The setting as well as the clothing, makeup, and hair all aiming for realism. The clothes are t-shirts, shorts, and sneakers. The makeup seems almost nonexistent as everybody spends the entire film covered in sweat. The hair looks like it was done at home in the morning before everybody left their house. It is nothing fancy. The way that the film was shot was pretty straight forward as far as special effects go. The only special effects that were used was at the end when Sal’s Famous was burnt to the ground. It wasn’t even special effects like we think of them today. They just started the place on fire and let it burn. The lighting was all natural lighting as far as I can tell. One of the sounds that was enhanced by a foley artist to maximize the sound was the breaking glass of Sal’s Famous near the end of the movie. The sound had to be heard over the loud protesting of the neighborhood residents. The musical score was composed by Bill Lee. It is a jazzy score with lots of saxophone. However the film revolves around an original song by Public Enemy named Fight the Power. It is a great song that is often featured at the top of all time greatest hip hop songs lists.

This film has a lot of creative transitions between scenes but my favorite one takes place between a scene at the pizzeria and The Story of Left Hand Right Hand scene. It is an overhead shot of a little black girl drawing with chalk on the sidewalk a picture of a home with an attached garage and a car in the driveway. It is a typical dream that many people have but is often seen as out of reach for those that come from the inner city. As the camera pans out a little the main character of the film, Mookie, walks across the drawing while on his way to deliver a pizza. The little girl is dreaming of what she wants out of life while the older man doesn’t have time to dream of a better life because he is too busy trying to live his life. The camera angles are fairly straight forward except when there is tension being shown between two different races such as the scene where Radio Raheem goes to purchase batteries at the Korean Market. He is a strong character that is the aggressor in the scene. When the camera is on him he stands over the counter, aggressively showing his dominance. When the camera is on the Korean store owners the camera towers over them showing their weakness in the situation.

There is a bit of symbolism in the film. The character of the Mayor is the only fatherly figure in the movie. He is a drunk and has no job. He represents the state of the African American male in the ’80’s. Absentee fathers more interested in drugs then being stand up citizens. There is a motherly character named Mother Sister. Her name is symbolic of girls way too young having children themselves, sometimes at the age that their kid would be the age of a sister that they might have. The main piece of symbolism in the movie though is the heat that is symbolic of the racial tensions that exist throughout the film. The more that they talk about the heat the more angry people seem to get about racial issues.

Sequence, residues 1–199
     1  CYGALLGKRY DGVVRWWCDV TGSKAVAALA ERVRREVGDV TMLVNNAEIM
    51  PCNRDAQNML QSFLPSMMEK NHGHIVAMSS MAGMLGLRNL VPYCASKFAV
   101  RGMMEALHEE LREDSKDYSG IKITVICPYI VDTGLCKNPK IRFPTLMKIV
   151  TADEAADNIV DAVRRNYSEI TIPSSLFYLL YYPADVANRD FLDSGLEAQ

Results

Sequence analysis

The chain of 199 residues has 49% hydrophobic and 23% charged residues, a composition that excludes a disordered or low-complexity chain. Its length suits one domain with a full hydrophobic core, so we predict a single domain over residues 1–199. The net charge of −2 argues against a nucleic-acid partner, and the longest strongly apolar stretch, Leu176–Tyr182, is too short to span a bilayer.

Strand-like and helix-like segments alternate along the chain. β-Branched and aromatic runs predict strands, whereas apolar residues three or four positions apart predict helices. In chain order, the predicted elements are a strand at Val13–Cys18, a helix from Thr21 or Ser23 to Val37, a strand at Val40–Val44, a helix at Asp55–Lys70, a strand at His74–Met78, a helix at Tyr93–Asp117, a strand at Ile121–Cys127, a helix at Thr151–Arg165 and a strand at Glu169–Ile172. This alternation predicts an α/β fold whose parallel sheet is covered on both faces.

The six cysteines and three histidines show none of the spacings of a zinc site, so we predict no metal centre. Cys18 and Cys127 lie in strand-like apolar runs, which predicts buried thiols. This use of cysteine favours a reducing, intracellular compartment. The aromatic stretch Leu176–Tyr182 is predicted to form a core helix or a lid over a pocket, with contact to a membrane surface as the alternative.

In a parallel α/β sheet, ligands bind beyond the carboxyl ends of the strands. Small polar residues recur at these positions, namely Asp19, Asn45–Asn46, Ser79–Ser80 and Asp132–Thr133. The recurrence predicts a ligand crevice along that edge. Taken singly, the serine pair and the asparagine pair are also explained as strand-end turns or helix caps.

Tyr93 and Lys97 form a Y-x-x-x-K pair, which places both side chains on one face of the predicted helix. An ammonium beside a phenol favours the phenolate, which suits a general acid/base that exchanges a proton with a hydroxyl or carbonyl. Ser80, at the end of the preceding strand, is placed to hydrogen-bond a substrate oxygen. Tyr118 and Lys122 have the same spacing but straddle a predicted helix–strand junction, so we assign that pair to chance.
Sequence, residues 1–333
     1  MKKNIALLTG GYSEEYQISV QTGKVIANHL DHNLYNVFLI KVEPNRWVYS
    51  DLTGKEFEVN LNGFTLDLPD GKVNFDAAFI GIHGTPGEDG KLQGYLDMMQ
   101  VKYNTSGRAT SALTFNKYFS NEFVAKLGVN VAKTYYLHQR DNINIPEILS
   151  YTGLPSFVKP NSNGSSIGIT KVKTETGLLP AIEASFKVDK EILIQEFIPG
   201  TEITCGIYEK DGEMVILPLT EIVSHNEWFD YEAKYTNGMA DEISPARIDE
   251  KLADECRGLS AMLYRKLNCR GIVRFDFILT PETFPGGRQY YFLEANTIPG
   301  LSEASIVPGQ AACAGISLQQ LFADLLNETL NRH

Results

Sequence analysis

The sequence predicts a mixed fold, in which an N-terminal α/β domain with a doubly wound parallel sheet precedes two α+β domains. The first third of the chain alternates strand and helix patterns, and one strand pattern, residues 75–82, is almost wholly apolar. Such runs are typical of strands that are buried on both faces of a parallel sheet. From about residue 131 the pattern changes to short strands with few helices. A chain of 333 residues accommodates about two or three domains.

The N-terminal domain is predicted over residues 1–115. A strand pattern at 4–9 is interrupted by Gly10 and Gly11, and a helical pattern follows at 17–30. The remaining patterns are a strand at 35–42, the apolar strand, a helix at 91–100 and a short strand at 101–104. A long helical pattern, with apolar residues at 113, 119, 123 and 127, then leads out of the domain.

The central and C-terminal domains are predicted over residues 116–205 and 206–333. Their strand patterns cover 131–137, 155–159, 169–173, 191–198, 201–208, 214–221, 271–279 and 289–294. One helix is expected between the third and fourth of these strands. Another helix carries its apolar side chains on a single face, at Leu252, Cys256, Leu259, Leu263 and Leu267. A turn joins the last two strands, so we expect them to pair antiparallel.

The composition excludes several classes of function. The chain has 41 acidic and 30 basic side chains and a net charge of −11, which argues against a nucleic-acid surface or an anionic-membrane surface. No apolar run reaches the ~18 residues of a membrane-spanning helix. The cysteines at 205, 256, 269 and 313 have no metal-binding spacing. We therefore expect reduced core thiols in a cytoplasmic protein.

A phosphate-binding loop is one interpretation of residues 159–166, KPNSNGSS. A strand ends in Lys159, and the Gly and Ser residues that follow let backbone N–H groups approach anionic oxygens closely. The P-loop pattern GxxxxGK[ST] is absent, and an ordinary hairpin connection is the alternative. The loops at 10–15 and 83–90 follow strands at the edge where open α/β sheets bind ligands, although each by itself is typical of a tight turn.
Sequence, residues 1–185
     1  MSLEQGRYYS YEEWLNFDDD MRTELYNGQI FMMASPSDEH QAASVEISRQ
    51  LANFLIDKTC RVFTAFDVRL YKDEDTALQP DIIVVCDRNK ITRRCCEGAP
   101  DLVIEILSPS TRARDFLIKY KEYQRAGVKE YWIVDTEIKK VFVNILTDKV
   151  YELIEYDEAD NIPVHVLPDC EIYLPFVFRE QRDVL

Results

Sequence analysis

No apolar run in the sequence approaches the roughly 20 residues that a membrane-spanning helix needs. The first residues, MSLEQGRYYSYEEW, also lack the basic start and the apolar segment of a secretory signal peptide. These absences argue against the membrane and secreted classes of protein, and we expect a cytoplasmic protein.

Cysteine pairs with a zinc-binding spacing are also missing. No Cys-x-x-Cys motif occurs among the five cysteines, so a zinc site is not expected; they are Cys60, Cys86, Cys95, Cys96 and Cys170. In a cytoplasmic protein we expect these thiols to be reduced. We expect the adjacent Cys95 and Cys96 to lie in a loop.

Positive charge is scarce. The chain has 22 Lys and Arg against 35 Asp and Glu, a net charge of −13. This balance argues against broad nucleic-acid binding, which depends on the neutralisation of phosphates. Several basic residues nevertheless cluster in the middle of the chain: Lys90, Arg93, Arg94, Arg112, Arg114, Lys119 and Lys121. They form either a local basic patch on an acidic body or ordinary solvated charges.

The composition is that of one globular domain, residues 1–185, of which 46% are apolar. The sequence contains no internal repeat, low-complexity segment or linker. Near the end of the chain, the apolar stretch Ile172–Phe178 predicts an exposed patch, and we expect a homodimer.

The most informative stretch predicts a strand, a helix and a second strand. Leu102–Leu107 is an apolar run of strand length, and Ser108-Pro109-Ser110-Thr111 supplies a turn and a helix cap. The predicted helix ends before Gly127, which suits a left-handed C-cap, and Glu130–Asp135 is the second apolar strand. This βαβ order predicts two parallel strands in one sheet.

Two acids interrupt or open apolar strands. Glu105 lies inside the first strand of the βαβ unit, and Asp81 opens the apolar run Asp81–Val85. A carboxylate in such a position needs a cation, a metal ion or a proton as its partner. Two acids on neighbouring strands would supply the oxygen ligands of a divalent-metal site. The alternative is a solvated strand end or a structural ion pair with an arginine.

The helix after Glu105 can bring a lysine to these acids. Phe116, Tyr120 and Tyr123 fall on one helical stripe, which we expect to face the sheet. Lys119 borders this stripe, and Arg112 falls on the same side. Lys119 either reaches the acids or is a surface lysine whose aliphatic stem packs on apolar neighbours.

The standout actor in the film for me is Bill Nunn as Radio Raheem. I believe that his character represents what a black person is supposed to be in terms of getting respect. Raheem says few words but, with his quite powerful stare commands respect. When the people are on the street playing in the fire hydrant spray all he has to do is look at them and they block the water so that he can get by. When the Puerto Ricans start giving him hell he just stares at them quietly and lets them look like fools. When it comes time at the end to stand up for what is right he is the only one to help Buggin’ Out and stand up for what he believes in. He is also the catalyst for the end of the film when the cops kill him they are symbolically killing black strength, black hope. And Bill Nunn portrays all of this with a quiet, stoic strength.

Do the Right Thing is one of my all time favorite movies. Every time that I watch it I get a different view on race relations and what Spike Lee was trying to say. Sometimes I identify with the Italian pizzeria owners and feel sad that they lost their business. Other times I side with the neighborhood citizens and feel that their anger and actions are righteous. This time when it ended I was left with the question of what was Mookie’s motivation when he threw the trash can through the window of Sal’s Famous. Was he mad at Sal and taking out his anger on the building or was he trying to redirect the neighborhood’s anger away from hurting Sal himself and focusing that anger on an inanimate object? That is what makes this movie so great. There are just so many questions that this movie raises and the answers that are taken away are left up to the viewer.


“Do the Right Thing”  Wikipedia.  Web.  1 August 2014.  4 August 2014.